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In the papers on 9/11: Moving on


On the 11th anniversary of the Sept. 11 attacks, the national newspapers have their stories for the occasion. A recurring theme: More than a decade later, Americans are beginning to mark the occasion in a less public way.

New York Times: "Across the country, the elements of a Sept. 11 anniversary commemoration have become familiar, from the World Trade Center site in Manhattan to the Pennsylvania field where United Flight 93 crashed to the dozens of New Jersey towns with neighbors to mourn. After the commemorations reached a peak of sorts for last year’s 10th anniversary, a sprinkling of communities have decided to scale back — prompted, they say, by a growing feeling that it may be time to move on. Nearly every ceremony will be smaller this year, even at the epicenter of the attacks."

Wall Street Journal: "New York marks the 11th anniversary of the Sept. 11, 2001, terrorist attacks Tuesday with a simpler ceremony than in years past, marking a shift in the way the city remembers the 2,977 people lost that day. ...  "I think that closure isn't the right way to think about it," Mr. Allison said. "It never really goes away. But at least you learn to put it somewhere that it's not in your face all the time. It's not a raw wound."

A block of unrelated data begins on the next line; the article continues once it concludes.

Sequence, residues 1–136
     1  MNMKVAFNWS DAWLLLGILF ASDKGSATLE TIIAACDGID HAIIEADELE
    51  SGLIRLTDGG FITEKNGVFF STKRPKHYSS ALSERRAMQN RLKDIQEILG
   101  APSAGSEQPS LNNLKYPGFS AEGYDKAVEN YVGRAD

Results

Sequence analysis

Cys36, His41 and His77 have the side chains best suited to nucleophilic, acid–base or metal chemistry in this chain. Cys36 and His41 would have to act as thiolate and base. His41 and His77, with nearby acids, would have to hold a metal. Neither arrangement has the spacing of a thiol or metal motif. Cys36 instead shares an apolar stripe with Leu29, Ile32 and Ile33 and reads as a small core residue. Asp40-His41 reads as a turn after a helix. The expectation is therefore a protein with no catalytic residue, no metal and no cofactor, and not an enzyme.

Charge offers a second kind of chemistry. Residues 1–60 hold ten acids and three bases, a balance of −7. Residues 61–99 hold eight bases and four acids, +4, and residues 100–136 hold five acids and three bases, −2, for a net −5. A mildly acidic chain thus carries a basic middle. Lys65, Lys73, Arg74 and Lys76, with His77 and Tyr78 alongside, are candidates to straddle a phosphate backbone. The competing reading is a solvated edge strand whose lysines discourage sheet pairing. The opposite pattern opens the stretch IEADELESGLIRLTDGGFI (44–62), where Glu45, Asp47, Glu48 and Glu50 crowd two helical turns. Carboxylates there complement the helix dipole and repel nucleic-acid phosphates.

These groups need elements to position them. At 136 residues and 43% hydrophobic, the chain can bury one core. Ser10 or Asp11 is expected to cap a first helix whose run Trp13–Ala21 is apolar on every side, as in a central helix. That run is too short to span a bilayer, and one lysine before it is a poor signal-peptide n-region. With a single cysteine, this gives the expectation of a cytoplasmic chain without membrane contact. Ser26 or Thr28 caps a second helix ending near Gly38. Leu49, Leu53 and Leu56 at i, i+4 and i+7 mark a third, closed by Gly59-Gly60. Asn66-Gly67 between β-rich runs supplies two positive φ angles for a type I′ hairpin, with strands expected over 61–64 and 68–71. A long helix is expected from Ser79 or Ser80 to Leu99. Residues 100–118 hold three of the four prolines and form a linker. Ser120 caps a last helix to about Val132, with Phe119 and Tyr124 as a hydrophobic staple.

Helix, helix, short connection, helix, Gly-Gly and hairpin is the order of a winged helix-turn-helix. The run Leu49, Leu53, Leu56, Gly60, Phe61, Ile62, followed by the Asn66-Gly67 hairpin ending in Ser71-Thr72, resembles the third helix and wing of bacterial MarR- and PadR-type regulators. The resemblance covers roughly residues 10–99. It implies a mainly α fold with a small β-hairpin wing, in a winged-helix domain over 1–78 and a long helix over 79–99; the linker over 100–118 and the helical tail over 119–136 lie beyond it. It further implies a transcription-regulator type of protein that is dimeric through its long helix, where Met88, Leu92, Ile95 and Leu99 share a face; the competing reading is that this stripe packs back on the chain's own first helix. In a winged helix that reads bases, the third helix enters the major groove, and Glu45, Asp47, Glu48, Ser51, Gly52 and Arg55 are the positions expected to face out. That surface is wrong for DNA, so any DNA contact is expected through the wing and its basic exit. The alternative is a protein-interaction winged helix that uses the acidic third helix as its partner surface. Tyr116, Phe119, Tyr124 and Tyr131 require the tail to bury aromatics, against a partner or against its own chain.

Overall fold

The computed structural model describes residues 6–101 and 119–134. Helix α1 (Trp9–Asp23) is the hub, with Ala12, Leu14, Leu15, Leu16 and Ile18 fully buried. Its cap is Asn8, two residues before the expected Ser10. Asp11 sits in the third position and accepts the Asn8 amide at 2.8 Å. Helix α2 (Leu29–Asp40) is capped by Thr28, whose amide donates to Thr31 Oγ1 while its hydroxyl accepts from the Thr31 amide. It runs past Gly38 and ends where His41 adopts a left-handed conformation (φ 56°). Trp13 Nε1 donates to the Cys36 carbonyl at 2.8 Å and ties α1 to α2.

USA Today: "Nearly 70% of Americans say they somewhat or strongly agree with this statement: "I have moved on from (the events of) Sept. 11," according to a new American Pulse Survey. ... Today, how people live out the anniversary varies greatly. Half of Americans will observe today in an informal way and 12% will do it in a formal manner, according to the American Pulse Survey. About 30% said they will not do anything different today, and 8% said they didn't have an opinion.

Washington Post: "It could be the only day before Nov. 6 without explicit partisan rancor. Both President Barack Obama and Republican challenger Mitt Romney plan to take down their negative ads in honor of the 11th anniversary of the 9/11 terrorist attacks. Neither planned to appear at overtly political events, although Election Day is never far from their agendas."

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